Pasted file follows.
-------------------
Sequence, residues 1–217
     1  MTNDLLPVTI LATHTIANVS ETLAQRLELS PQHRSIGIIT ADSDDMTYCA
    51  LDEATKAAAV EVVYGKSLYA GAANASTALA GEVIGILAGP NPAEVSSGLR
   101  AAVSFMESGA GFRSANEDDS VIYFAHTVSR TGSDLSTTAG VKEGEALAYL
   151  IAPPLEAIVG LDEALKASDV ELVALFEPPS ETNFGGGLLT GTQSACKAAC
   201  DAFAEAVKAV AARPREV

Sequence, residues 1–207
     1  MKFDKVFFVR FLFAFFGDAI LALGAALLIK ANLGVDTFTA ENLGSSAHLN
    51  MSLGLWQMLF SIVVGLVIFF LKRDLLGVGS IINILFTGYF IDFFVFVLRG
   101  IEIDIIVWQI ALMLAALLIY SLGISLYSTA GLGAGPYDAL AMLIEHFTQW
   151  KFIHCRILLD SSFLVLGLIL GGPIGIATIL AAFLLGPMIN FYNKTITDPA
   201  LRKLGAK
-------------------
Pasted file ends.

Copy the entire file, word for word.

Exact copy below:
Sequence, residues 1–217
     1  MTNDLLPVTI LATHTIANVS ETLAQRLELS PQHRSIGIIT ADSDDMTYCA
    51  LDEATKAAAV EVVYGKSLYA GAANASTALA GEVIGILAGP NPAEVSSGLR
   101  AAVSFMESGA GFRSANEDDS VIYFAHTVSR TGSDLSTTAG VKEGEALAYL
   151  IAPPLEAIVG LDEALKASDV ELVALFEPPS ETNFGGGLLT GTQSACKAAC
   201  DAFAEAVKAV AARPREV

Sequence, residues 1–207
     1  MKFDKVFFVR FLFAFFGDAI LALGAALLIK ANLGVDTFTA ENLGSSAHLN
    51  MSLGLWQMLF SIVVGLVIFF LKRDLLGVGS IINILFTGYF IDFFVFVLRG
   101  IEIDIIVWQI ALMLAALLIY SLGISLYSTA GLGAGPYDAL AMLIEHFTQW
   151  KFIHCRILLD SSFLVLGLIL GGPIGIATIL AAFLLGPMIN FYNKTITDPA
   201  LRKLGAK